Some surgeons prefer to use powered dermatomes when harvesting split-thickness skin grafts, while others prefer the hand knife. We conducted a postal survey of British plastic surgery units, contacted medicolegal departments, and investigated the literature to explore the reasoning for any preferences and the existing evidence to support such practices.
Two hundred thirty-eight surgeons from 30 units replied, 145 (61%) preferring to use the powered dermatome, primarily as they believed it provided for better-quality graft and donor sites. Ninety-five (40%) respondents felt they were potentially open to successful litigation by using a hand knife when a powered dermatome was available.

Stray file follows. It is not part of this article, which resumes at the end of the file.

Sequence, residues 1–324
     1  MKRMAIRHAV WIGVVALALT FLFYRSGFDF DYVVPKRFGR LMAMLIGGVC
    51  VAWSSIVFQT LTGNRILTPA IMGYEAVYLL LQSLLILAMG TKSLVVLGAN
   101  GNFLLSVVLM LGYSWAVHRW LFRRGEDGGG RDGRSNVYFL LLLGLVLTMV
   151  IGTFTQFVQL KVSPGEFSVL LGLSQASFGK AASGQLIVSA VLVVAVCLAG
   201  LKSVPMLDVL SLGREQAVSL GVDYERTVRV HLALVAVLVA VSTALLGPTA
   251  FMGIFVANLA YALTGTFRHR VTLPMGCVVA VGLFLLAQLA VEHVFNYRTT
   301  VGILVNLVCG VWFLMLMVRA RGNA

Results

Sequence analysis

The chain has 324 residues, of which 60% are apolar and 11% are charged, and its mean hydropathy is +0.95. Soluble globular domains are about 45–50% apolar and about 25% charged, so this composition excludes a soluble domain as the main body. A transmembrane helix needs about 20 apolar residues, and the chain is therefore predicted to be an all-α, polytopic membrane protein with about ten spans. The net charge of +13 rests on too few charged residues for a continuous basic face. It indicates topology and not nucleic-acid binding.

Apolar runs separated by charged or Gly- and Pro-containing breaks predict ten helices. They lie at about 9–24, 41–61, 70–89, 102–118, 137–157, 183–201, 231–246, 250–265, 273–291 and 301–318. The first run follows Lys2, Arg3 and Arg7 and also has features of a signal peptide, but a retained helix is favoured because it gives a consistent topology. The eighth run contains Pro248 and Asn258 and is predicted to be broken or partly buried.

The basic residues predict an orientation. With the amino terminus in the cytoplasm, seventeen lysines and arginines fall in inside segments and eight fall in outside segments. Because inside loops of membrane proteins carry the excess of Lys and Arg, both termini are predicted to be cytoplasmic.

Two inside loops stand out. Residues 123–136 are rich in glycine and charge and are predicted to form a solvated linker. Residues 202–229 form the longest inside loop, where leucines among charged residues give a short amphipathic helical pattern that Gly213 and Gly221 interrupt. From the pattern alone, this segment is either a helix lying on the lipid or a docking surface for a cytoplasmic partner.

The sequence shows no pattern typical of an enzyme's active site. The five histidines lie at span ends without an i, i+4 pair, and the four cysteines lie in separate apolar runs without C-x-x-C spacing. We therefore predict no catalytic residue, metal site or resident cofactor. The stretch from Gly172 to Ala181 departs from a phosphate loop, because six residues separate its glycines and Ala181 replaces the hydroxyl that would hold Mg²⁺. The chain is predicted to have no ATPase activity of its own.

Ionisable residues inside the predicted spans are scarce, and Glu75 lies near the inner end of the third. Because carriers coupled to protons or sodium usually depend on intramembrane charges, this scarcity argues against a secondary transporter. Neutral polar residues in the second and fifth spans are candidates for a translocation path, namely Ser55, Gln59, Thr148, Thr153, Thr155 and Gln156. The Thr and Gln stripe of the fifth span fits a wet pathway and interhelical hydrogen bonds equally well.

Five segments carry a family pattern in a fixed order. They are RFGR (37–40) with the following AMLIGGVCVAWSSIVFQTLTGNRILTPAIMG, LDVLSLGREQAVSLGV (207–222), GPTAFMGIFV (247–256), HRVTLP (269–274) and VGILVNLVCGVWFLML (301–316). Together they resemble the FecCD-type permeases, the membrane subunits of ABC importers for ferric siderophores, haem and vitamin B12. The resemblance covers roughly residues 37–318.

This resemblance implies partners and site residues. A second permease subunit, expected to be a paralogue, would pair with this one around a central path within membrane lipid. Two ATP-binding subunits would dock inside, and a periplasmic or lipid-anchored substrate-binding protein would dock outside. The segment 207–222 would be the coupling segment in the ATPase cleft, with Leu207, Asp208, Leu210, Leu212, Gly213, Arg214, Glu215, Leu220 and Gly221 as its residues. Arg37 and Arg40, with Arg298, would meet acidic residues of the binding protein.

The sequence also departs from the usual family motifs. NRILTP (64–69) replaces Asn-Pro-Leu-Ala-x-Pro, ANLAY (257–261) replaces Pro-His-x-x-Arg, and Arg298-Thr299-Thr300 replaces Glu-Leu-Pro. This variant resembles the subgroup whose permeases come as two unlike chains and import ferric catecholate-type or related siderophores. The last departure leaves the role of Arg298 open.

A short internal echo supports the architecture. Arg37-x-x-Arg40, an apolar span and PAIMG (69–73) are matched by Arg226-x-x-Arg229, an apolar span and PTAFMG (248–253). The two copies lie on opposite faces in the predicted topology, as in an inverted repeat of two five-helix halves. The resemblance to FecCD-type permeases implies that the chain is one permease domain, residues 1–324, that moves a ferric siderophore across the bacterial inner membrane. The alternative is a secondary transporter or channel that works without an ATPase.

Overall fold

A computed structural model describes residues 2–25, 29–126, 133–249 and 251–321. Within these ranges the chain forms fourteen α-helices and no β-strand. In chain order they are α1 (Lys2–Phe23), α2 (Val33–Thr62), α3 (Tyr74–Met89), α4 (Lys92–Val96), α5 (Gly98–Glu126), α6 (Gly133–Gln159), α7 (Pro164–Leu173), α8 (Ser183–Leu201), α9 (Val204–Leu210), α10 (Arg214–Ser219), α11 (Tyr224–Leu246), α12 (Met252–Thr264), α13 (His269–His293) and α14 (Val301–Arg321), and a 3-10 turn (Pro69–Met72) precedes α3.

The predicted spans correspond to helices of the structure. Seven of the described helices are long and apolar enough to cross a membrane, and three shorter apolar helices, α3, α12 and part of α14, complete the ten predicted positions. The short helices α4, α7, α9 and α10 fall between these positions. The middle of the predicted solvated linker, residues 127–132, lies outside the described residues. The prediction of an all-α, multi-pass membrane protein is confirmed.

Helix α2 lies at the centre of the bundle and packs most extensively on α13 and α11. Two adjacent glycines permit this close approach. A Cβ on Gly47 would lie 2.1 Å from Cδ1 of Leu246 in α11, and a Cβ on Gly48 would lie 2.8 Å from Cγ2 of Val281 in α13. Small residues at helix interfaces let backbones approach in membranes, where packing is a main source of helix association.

We found no evidence to support such clinical or medicolegal views and conclude that numerous misconceptions exist about skin-graft harvesting instruments. We suggest that surgeons should use whichever instrument they feel will, in their hands, provide the optimum result and not be directed by unfounded opinions.
A survey of 233 British plastic surgeons disclosed that 61% preferred to use powered rather than hand dermatomes, with 40% reporting concerns that use of the hand dermatome might subject them to legal exposure.
From the Norfolk and Norwich University Hospital, Norwich, England.
Received January 9, 2006, and accepted for publication January 24, 2006.
Attributed to: Department of Plastic and Reconstructive Surgery Norfolk and Norwich University Hospital Norwich, NR4 7UY England.
Reprints: Hamid Tehrani, Department of Plastic and Reconstructive Surgery, Royal Preston Hospital, Preston, Lancashire, NR4 7UY England. E-mail: firstname.lastname@example.org.